The sacrament is made to carry with it an objective force, so far as its principal design is concerned. It is not simply suggestive, commemorative, or representational. It is not a sign, a picture, deriving its significance from the mind of the beholder. The virtue which it possesses is not put into it by the faith of the worshipper in the first place, to be taken out of it again by the same faith, in the same form. It is not imagined of course in the case that the ordinance can have any virtue without faith, that it can confer grace in a purely mechanical way. All thought of the opus operatum, in this sense, is utterly repudiated. Still faith does not properly clothe the sacrament with its power. It is the condition of its efficacy for the communicant, but not the principle of the power itself. This belongs to the institution in its own nature. The signs are bound to what they represent, not subjectively simply in the thought of the worshipper, but objectively, by the force of a divine appointment.
J.W. Nevin, The Mystical Presence, pp. 67-68 (emphasis added)
This power belongs to Jesus, who has so ordained to work and minister his grace through the institution.
As quoted at the end of J.W. Nevin’s The Mystical Presence, pp. 314:
“They are preposterous,” says Calvin, “who allow in this matter nothing more, than they have been able to reach with the measure of their understanding. When they deny that the flesh and blood of Christ are exhibited to us in the Holy Supper, Define the mode, they say, or you will not convince us. But as for myself, I am filled with amazement at the greatness of the mystery. Nor am I ashamed, with Paul, to confess in admiration my own ignorance. For how much better is that, than to extenuate with my carnal sense what the apostle pronounces a high mystery!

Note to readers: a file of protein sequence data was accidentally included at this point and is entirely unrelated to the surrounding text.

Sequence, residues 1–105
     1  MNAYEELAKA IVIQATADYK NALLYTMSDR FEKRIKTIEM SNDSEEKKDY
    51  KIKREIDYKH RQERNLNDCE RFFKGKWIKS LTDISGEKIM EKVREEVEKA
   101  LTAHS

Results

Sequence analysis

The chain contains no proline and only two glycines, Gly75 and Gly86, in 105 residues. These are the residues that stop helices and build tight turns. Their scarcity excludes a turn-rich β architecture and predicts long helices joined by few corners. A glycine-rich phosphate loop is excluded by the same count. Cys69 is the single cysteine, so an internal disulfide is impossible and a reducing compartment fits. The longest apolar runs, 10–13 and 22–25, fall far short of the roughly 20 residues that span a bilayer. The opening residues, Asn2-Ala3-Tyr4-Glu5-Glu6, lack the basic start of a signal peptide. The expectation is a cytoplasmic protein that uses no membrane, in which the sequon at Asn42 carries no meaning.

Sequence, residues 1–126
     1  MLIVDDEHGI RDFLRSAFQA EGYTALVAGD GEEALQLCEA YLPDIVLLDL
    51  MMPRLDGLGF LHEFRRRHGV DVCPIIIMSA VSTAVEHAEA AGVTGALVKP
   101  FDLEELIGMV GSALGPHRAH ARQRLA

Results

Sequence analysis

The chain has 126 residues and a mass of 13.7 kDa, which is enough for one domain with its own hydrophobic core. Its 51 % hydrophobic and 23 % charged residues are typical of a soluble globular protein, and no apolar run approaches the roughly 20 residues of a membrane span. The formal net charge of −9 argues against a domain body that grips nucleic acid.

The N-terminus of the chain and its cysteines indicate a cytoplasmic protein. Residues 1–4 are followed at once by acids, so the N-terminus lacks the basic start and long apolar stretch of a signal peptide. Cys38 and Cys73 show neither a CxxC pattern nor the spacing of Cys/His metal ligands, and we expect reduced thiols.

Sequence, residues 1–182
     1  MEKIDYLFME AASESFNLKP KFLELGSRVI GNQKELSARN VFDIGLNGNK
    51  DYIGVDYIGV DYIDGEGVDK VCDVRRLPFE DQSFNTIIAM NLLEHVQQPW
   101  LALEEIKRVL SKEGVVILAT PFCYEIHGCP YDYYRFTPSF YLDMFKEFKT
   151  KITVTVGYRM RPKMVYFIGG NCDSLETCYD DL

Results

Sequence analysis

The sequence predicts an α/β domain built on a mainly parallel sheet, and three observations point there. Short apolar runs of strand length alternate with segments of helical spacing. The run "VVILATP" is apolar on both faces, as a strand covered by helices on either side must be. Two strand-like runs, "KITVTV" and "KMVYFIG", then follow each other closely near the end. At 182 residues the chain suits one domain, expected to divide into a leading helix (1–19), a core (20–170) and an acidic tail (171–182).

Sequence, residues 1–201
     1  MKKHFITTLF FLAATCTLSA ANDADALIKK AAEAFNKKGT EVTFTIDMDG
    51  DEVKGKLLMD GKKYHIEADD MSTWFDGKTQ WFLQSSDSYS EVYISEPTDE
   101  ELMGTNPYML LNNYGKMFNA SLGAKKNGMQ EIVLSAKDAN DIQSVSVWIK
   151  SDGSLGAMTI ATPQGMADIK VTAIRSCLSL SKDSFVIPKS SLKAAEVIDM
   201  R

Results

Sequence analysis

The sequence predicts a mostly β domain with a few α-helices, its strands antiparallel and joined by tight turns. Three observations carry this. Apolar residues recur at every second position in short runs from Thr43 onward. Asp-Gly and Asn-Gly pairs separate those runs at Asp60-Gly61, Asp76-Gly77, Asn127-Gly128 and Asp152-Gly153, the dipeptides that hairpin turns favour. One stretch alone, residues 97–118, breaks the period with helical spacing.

The term spiritual as here used, it must always be borne in mind, carries in it no opposition to the idea of substance; nor does it refer to the person of Christ simply as it is spirit, and not body. On the contrary, it has regard to the inmost substance of his body itself. All imagination of a material intermingling of Christ’s flesh with ours is indeed carefully removed; but it is only to assert the more positively a real participation in the true life of his flesh as such. The communion is with the Savior’s body and blood, the very essence of which under a spiritual form, is carried over into the believer’s person. If this be not the meaning of the Westminster Assembly; if in the use of language, borrowed here so plainly from the creed of Calvin and the Reformed Church generally in the sixteenth century, the Assembly intended to signify after all something quite different from that creed, a mere moral union with Christ for instance, a communication with him in his divine nature simply, or an appropriation only of the merits of his life and death; it will be found very hard, in the first place to put any intelligible sense whatever into their words, and more difficult still, in the second place, to vindicate the interpretation as worthy either of their wisdom or their truth.
J.W. Nevin, 1846, The Mystical Presence 112-113
“They that worthily communicate in the sacrament of the Lord’s Supper, do therein feed upon the body and blood of Christ—truly and really.” (Westminster Catechism). All this the modern Puritan view utterly repudiates, as semipopish mysticism. It will allow no real participation of Christ’s person in the Lord’s Supper, under any form: but least of all under the form of his humanity. Such communion as it is willing to admit, it limits to the presence of Christ in his divine nature, or to the energy he puts forth by his Spirit. As for all that is said about his body and blood, it is taken to be mere figure, intended to express the value of his sufferings and death. With his body in the strict sense, his life as incarnate, formerly on earth and now in heaven, we can have no communion at all, except in the way of remembering what was endured in it for our salvation. The flesh in any other view profiteth nothing; it is only the Spirit that quickeneth. The language of the Calvinistic confessions on this subject, is resolved into bold, violent metaphor, that comes in the end to mean almost nothing.
J.W. Nevin, 1846, The Mystical Presence, 146-147